BW: Initially we were worried about heights and size, but we were fortunate to find a bunch of performers. We had one particular stunt performer who was 6 foot 10, 300 pounds, and could actually move pretty nimbly and athletically. And then we got a lot of really tall performers who were close enough in height that they got around the eye-line problems. For the fight scenes, we’d be choreographing and the orcs would pretty much be themselves. We had a month of orc training where they had to fight like an orc, and how to move like an orc, and swing like you’ve got tons of mass. We’d assist the humans with wire pulls when they were taken out and smashed by a giant war hammer. But it was a lot of really direct acting between the two.
The exceptions would be if you weren’t physically touching or interacting with someone and it could be simple, in which case we could do several takes with the actors and then let the orcs stand aside so we could do a clean plate.
MM: Once you’d finished with the on-set motion capture, how did cutting the film begin, especially as there wouldn’t have been many finished shots for some time?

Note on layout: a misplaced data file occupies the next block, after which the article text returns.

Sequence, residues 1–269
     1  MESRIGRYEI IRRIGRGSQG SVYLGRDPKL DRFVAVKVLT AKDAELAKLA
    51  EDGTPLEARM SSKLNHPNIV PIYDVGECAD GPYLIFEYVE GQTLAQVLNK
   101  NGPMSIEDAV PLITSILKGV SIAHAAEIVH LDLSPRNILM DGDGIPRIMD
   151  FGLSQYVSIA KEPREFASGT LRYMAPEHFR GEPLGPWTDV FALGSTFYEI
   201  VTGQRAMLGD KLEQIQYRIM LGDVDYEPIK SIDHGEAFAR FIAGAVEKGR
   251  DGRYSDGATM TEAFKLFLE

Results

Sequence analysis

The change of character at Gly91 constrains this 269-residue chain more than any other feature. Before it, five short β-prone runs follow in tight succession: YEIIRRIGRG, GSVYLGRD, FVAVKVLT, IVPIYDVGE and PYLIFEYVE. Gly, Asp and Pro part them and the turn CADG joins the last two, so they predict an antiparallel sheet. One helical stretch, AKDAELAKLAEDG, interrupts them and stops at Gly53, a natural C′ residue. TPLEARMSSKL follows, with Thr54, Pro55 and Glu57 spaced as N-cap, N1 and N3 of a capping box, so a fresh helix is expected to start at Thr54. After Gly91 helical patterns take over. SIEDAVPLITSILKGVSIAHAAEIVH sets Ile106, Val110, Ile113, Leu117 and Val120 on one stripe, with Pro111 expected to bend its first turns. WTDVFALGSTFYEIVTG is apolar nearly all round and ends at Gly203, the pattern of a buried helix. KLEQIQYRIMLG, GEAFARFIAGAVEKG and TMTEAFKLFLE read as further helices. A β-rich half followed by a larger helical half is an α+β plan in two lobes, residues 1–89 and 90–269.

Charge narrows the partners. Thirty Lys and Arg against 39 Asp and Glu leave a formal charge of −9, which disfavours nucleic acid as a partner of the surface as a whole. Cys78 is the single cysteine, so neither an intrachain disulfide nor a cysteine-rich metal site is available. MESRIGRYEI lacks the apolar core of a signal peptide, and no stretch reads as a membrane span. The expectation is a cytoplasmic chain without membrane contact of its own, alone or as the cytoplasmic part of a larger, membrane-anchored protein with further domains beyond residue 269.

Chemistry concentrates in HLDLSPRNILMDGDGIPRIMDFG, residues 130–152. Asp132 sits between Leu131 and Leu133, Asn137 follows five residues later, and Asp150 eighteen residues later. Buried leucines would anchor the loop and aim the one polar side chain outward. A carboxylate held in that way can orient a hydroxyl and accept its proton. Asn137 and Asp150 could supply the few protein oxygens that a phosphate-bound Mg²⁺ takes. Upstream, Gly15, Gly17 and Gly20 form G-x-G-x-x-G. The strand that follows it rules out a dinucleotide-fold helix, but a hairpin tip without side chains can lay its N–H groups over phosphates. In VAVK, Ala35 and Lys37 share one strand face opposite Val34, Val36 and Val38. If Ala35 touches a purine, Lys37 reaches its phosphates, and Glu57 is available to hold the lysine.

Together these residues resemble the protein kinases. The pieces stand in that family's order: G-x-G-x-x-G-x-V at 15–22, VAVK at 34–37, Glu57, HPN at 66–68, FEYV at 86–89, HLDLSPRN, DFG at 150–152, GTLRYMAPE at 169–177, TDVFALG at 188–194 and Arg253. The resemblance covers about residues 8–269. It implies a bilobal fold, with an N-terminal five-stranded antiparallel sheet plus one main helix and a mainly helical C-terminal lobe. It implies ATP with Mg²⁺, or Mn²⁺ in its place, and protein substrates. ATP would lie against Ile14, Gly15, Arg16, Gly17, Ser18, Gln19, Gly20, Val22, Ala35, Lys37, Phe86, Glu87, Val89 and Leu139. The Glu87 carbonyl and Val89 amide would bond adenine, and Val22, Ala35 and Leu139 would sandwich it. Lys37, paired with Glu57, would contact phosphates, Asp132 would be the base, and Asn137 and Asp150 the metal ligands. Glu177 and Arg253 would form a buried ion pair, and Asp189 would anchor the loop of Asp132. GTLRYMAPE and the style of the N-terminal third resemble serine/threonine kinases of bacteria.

BW: Well, the editor was Paul Hirsch, and God bless him, he is one of the most seasoned guys you’re ever going to meet. He cut his teeth on Star Wars. Certainly for almost all the scenes there were guys in the gray tracking suits so you could get a sense of cutting stuff, and there was also the simulcam. We had that saved so in many cases you’d get dailies with a rough version of the orcs in place.
But many other times we had to get postvisualization to put things together, and immediately Third Floor started working on that while we were still shooting. Their post-production process could take the actual motion capture data—we’d select the takes and give it to them, and they’d give us back plates with the orcs in the appropriate place for that. But that was quite a bit of work. The director’s cut was tough because we weren’t able to replace everything in time and there were a lot of guys in pajamas, which does make for a challenging part of the process. If we’re lucky enough to do Warcraft 2 we do have to figure out how to get the simulcam as good as possible so we can use it right off the bat in editorial.
MM: In terms of final animation, what was ILM doing that really helped sell a final, convincing look for the orcs in particular?
BW: It was just complete attention to detail. I mean, when we were making [tiger protagonist] Richard Parker for Life of Pi at Rhythm and Hues, success for that was just studying hours and hours and hours of tiger footage. For the orcs, although they would be completely CG, we still built the armor practically and used it for reference. We thought there would be fidelity in having a seamstress and a costume person put it together so they’d know how things tie together in appropriate way.